Which leads to the greatest scenes we get: the Frog on the chair. The Doctor has to convince the Solitract to let them go, and appeals to it’s better nature to do so. We have seen the tricks, but this is real magic, faerie land. The unknown too strange to be faked. The frog on the chair is the same as the orc and his light up balloons, but brighter. She is something beyond, revealing herself in her favorite form. Not death, or an illusion, but a form she trusts the Doctor to see, letting her in without the pretense of fakery. It’s a world of dreams. Mentioning the sheep at the start wasn’t just kidding around.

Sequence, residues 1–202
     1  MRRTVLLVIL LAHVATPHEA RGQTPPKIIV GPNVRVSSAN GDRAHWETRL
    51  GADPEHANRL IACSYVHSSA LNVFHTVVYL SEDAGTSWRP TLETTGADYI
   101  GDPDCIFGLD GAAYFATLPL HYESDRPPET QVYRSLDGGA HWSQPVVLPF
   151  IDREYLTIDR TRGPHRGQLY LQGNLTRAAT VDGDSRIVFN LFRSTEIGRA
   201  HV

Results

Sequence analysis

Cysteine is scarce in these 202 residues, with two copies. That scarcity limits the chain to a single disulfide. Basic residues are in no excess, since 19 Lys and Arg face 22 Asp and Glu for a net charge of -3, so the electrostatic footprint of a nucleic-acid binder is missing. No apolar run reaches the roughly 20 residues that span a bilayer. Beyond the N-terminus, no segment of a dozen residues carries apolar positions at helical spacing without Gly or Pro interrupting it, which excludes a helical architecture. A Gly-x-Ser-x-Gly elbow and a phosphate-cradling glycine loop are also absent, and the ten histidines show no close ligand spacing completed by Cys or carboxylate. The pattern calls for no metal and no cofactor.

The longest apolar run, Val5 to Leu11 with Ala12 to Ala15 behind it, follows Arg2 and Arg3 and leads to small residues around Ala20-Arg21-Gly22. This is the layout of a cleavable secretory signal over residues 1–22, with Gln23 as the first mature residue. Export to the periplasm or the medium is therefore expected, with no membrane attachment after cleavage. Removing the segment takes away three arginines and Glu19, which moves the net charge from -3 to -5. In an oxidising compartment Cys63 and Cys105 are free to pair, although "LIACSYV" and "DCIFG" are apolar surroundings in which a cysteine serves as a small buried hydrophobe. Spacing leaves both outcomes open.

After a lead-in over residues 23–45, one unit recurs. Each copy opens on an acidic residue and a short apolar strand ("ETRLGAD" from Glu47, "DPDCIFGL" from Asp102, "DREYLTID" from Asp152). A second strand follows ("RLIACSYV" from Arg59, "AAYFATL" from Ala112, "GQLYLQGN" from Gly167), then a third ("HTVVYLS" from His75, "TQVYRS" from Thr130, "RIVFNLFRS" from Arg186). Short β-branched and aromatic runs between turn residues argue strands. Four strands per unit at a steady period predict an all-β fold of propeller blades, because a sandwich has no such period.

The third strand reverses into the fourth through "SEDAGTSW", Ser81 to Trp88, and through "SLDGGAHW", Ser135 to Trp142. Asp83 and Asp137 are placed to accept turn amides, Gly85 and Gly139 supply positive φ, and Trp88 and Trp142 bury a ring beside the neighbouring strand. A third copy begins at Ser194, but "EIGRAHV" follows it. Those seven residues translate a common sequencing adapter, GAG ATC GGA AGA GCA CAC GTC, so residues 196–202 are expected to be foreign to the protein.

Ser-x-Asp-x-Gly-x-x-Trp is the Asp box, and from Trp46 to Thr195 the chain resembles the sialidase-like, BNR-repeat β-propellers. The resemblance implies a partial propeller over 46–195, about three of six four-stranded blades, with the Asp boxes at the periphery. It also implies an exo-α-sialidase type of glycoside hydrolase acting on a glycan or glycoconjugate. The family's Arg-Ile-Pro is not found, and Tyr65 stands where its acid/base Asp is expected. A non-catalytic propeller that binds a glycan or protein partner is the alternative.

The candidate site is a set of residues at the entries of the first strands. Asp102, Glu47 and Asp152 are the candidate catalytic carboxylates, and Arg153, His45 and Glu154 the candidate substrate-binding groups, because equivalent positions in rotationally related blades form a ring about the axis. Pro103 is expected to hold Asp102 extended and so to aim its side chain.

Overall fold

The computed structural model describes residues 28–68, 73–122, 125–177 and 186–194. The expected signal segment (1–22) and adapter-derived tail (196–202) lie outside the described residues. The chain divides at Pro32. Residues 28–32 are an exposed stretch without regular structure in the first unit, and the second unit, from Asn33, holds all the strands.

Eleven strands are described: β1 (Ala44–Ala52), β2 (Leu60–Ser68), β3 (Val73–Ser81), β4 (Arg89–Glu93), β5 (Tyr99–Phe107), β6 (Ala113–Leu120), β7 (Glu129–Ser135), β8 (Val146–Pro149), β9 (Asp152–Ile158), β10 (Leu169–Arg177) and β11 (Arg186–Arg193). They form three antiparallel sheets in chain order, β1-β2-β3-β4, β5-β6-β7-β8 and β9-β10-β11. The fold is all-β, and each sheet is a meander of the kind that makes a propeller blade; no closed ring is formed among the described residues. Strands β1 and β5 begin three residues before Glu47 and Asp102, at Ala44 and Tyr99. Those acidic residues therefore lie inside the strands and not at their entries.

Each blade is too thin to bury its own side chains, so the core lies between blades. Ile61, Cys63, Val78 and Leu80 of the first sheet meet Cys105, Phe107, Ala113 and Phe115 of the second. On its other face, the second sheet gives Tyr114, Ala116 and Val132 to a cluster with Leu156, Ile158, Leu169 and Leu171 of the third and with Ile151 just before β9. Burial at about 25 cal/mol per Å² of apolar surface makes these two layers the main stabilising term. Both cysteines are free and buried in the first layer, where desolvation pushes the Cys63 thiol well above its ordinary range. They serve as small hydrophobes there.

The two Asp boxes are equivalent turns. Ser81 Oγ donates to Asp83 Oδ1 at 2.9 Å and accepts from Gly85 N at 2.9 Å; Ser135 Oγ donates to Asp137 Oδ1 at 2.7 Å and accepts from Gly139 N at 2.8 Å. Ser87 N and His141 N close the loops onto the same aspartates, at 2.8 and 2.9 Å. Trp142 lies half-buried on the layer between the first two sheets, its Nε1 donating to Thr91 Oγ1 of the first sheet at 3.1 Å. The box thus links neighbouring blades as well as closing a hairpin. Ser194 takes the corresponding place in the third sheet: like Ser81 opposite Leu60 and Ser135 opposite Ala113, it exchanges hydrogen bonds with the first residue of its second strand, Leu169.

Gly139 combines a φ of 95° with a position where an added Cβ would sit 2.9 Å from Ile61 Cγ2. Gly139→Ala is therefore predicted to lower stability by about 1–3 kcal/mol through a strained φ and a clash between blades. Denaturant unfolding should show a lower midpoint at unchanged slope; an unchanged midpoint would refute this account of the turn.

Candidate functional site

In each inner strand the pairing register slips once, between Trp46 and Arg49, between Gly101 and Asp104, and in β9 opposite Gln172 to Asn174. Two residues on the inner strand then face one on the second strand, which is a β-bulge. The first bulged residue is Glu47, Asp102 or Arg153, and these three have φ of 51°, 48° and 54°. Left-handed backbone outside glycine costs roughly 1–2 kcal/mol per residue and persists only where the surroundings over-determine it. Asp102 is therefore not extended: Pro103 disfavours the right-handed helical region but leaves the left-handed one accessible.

And of course it’s weird, anything beyond our little lives is. The Earth is just a tiny speck compared to the great celestial bodies in our universe, so small it can barely be seen next to them. And if you go in closer, there’s a girl in her bed in Norway. What does she dream of? Sheep? And in her dream, there is a frog, and in the frog’s dream, there is a world, in that world, if we zoom down, there is a girl in a bed in Norway.
We always wake up, but for that little moment, we’re in Faerie Land. Maybe there’s a frog there to. And maybe, if we’re really really lucky, someone will put that dream on our television sets, laptops, and phones. How lucky would we be then?
It could take us away.
Poet, Playwright, Game Designer, Writer, Freelancer for hire.